Cynthia L. Eppley 11/24/2020
If you are ever on the roads at Thanksgiving, you will know that this is the most traveled holiday of the year.
People seem to be yearning to return to Mom and Dad’s, or go over the river and through the woods to Grandmother’s house. (Do they sing that song anymore? Do kids even know what it means?)
Will there even be Thanksgiving?
There is talk of restrictions, curfews and limiting invitations to your own immediate family.
A general malaise surrounds the holiday as we think of Thanksgiving past—and Thanksgiving present.
What are some of the traditions and memories that have made Thanksgiving so special? Every family is different, with favorite foods.
My mother was an excellent cook, and because she wanted to have something for everyone, would never consider eliminating one dish.
Coming from the South, my mother made mashed potatoes and turnips.
I hated them. But because my brothers liked them, they were mandatory. (No bitterness here…) They almost looked like regular mashed potatoes and you had to be careful to distinguish the two; a mouthful of that nasty stuff was a rude surprise.
I hate them to this day.
Regular mashed potatoes? Bring them on. Heaping mountains of white fluffy potatoes, with a river of butter. My niece Megan, loved them too, so she sat on one side of me and we would jostle for portions.
And candied sweet potatoes? The stuff of heaven. Sweet, crunchy goodness. My other niece, Melanie would sit on the other side of me, and we’d divide them.
Going into the oven early in the day, the bird roasted slowly and released enticing aromas to tantalize our tastebuds. Stuffing and gravy followed. Rounding it out were peas, coleslaw, a vegetable tray, creamed onions, rolls and I hope I haven’t forgotten any!
Others have told me their table included: ham, creamed corn pudding, creamed rice, turkey stuffing balls, Gelatin salad, Sweet potato casserole, green bean casserole, macaroni and cheese, lasagna, spanakopita, and lobster.
There has been a running question on Social Media concerning the critical question: Canned or Homemade Whole cranberry sauce. It is a hotly debated topic. Even this is a family tradition.
Finally, the Pie! Pumpkin, Apple and sometimes Pecan pie. Whipped cream or ice cream? And we begged Mom to not include Mincemeat pie. Others included coconut cake or lemon butter.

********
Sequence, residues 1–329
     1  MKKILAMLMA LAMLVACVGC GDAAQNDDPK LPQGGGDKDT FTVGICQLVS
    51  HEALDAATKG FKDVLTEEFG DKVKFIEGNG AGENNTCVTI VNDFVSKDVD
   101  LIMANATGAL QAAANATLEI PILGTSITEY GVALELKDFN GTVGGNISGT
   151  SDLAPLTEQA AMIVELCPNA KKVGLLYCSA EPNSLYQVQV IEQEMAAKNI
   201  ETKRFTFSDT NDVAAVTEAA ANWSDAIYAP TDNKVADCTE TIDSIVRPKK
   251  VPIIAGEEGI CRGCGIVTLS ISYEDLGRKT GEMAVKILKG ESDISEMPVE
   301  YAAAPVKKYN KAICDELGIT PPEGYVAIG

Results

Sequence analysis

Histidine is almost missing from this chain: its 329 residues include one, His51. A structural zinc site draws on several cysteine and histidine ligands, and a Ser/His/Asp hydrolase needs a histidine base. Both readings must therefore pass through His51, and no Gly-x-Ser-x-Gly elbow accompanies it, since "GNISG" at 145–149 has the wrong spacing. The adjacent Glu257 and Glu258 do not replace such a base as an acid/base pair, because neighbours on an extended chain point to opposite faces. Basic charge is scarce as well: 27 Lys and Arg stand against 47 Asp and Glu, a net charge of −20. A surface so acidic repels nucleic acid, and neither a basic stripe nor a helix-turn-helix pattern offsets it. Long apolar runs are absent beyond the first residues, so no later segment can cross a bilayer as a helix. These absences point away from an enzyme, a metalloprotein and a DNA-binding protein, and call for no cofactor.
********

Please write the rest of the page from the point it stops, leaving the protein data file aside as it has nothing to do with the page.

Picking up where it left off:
Lemon butter should have its own category. It is a whipped confection of tart lemons, sugar and butter, cooked to perfection. This dish has been in the family of my Sister in law, Sylvia, handed down from her Great Grandmother. This year, Sylvia was unable to make it as she had surgery. But Haley was freshly home from college, and came over to help. If I’m counting correctly, this recipe would be from Haley’s Great (x3) Grandmother. The fact that the recipe is marred with drops of lemons makes it more precious. As they busied themselves in the kitchen, you can almost hear the generations that have gone before, watching as “a great cloud of witnesses.” (Hebrews 12: 1-3.)
Both my Mother and my brother had birthdays around Thanksgiving. Often, my brother’s birthday fell on Thanksgiving Day, as it did this year. My mother, ever mindful of our favorite dishes, traditionally made a German Sweet Chocolate Cake. And it was a glory of butter, coconut, pecans, and of course, German Sweet Chocolate; layered together with the icing between three layers of tender cake. And a key ingredient was buttermilk. (See Cornbread and Buttermilk). But this year would be different. It is 2020 and my niece, Melanie was to bring the cake for her Dad. She was unable to come to Thanksgiving dinner. But this would not deter her from her mission. She drove 2 hours to delivery the cake, and then go home. The tradition we all loved was carried on again, to the 3rd generation.
My mother always set a formal table. The table cloth had been pressed without one wrinkle. Gleaming crystal and silver stood sentry next to each piece of antique family china. A floral arrangement graced the center of the table, and candles were lit.
It was my job the night before to set the table and clean the silver; a familiar ritual of love.
My brother and his wife continue this tradition to this day and set a lovely table with the same antique china we used growing up. Again, you can almost hear the generations that have gone before, watching as “a great cloud of witnesses.”
Rockwell created a famous painting of Thanksgiving dinner entitled: “Freedom from Want.” It is well known and seems to capture Thanksgiving Past. I can’t help but notice the smiling faces as we catch this “snapshot” into their dinner.
A Family Thanksgiving?
This year, what will be the “snapshot” of our dinner?
Will it be formal? Or will it be more casual as we huddle outside around a fire pit? Will it be formal with china and silver? Or more relaxed with paper plates and plastic knives and forks?
It doesn’t really matter what we serve for dinner does it?
Whether turkey or ham, or any of the plethora of vegetable options.
Tradition is defined as the transmission of customs or beliefs from generation to generation. The memories and joy of being together can still be forged even today, in 2020.
Traditions, old and new, form the glue that binds us together and is handed down through the generations, much like fine china and silver.
“Bind us together Lord, bind us together with cords that cannot be broken.”
It is the legacy of generations past, and generations future.
It is the fellowship around the Holiday table that merge and mold us together, family and friends.
It is the stuff of creating memories, tradition, and home.
For this Thanksgiving, let us embrace tradition, pass on what is necessary and good, and be flexible when needed.
And in all things, let us Praise God from Whom all Blessings Flow.